"Shwet" doesn't bother me: Deepa Mehta | india | Hindustan Times
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"Shwet" doesn't bother me: Deepa Mehta

Right now Mehta couldn't be bothered less as she prepares to premier the last of her elemental trilogy "Water" at Toronto.

india Updated: Aug 31, 2005 18:19 IST

The similarities between Deepa Mehta's "Water" and "Shwet" - Dharan Mandrayar's film on exploitation of widows released earlier this month - are too many to be mere coincidence.

Right now Mehta couldn't be bothered less as she prepares to premier the last of her elemental trilogy "Water" at the Toronto Film Festival in September.

Mehta is more amused than exasperated by first-time director Mandrayar's apparent attempt to steal her thunder by making and rush-releasing "Shwet", a film that seems "inspired" by "Water".

While "Shwet" deals with the emotional and sexual exploitation of four widows in an ashram at Vrindavan, a Hindu pilgrim town in Uttar Pradesh that is the haven of widows at the end of the road, Mehta's "Water" treads more or less the same tormented territory, though her widows are located in the West Bengal border.

In the original script of "Water", the widows played by Seema Biswas, Waheeda Rehman, Lisa Ray and child artiste Sarla were located in Varanasi, another Hindu holy town. The resemblances between the two films are too many - there is even a child widow in "Shwet"!

Speaking from Toronto, Deepa says: "'Water' was written five years ago. I began shooting for it in Varanasi immediately afterwards. But you know what happened thereafter. I was asked by BJP (Bharatiya Janata Party) protestors to leave.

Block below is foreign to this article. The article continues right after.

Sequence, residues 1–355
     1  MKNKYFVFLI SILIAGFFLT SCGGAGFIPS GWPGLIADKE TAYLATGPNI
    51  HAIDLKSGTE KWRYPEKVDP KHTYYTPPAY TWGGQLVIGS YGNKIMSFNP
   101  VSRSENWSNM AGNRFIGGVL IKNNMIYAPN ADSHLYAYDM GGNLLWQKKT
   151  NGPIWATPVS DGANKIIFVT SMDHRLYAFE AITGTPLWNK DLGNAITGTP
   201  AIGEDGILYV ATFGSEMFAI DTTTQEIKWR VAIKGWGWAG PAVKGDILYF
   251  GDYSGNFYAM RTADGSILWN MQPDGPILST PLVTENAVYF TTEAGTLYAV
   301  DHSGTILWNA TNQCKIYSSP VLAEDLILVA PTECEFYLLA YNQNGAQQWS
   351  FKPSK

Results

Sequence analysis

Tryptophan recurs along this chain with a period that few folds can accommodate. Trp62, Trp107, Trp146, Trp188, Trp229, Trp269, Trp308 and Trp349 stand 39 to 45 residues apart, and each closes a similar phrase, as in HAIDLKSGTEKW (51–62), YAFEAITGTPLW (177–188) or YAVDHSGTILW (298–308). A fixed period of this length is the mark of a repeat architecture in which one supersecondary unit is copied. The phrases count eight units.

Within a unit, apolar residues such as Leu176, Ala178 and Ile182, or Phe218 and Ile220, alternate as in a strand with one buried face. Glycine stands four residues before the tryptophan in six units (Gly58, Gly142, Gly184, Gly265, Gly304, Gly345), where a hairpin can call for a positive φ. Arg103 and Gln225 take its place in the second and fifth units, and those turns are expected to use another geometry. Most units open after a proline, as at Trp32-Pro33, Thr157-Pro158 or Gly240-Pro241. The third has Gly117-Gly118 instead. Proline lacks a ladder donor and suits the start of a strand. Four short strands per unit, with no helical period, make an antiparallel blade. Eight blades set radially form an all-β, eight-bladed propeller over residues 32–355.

"I was seen as a foreigner invading cultural space or some such thing. Strangely, the maker of this other film about widows is California-based and his wife, who wrote the script, is American. So I leave you to judge whose credentials are culturally more suspect."

Mehta says she first heard about "Shwet" from Seema Biswas, who was offered Shwet.

"Seema probably thought it unethical to do similar films. I appreciate that. Such qualities are rare in today's show business. Before Seema told me about it I had never heard of 'Shwet' or White Rainbow. Very frankly, it doesn't bother me. Hasn't it come and gone already?"

But wouldn't a film identical in theme hamper the chances of "Water" when it is finally released in November?

Mehta is noncommittal.

"Frankly, it works both ways. Some people would groan and say, 'Oh no! Not another film about the plight of widows!' Others would surely want to check out what I've done with the theme...

"Honestly it is of no consequence to me. My film has some of the loveliest performances I have seen. John Abraham and Lisa Ray will be right up there with the hottest Hollywood men and women after 'Water'."